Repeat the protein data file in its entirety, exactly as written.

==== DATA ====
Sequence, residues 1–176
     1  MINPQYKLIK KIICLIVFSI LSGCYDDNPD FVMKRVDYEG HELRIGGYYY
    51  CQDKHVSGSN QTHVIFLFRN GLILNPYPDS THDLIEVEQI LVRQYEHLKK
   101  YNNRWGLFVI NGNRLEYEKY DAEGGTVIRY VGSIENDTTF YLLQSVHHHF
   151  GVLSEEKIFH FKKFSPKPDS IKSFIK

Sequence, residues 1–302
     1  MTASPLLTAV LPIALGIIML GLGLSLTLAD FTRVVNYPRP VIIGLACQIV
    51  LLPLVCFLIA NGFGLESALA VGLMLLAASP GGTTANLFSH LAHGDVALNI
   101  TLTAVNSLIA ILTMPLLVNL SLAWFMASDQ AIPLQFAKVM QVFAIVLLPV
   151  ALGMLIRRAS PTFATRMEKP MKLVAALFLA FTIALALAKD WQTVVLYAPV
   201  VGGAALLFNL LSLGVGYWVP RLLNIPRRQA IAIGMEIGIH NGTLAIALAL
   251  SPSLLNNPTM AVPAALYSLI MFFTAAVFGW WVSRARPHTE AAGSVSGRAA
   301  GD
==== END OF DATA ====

Sequence, residues 1–176
     1  MINPQYKLIK KIICLIVFSI LSGCYDDNPD FVMKRVDYEG HELRIGGYYY
    51  CQDKHVSGSN QTHVIFLFRN GLILNPYPDS THDLIEVEQI LVRQYEHLKK
   101  YNNRWGLFVI NGNRLEYEKY DAEGGTVIRY VGSIENDTTF YLLQSVHHHF
   151  GVLSEEKIFH FKKFSPKPDS IKSFIK

Sequence, residues 1–302
     1  MTASPLLTAV LPIALGIIML GLGLSLTLAD FTRVVNYPRP VIIGLACQIV
    51  LLPLVCFLIA NGFGLESALA VGLMLLAASP GGTTANLFSH LAHGDVALNI
   101  TLTAVNSLIA ILTMPLLVNL SLAWFMASDQ AIPLQFAKVM QVFAIVLLPV
   151  ALGMLIRRAS PTFATRMEKP MKLVAALFLA FTIALALAKD WQTVVLYAPV
   201  VGGAALLFNL LSLGVGYWVP RLLNIPRRQA IAIGMEIGIH NGTLAIALAL
   251  SPSLLNNPTM AVPAALYSLI MFFTAAVFGW WVSRARPHTE AAGSVSGRAA
   301  GD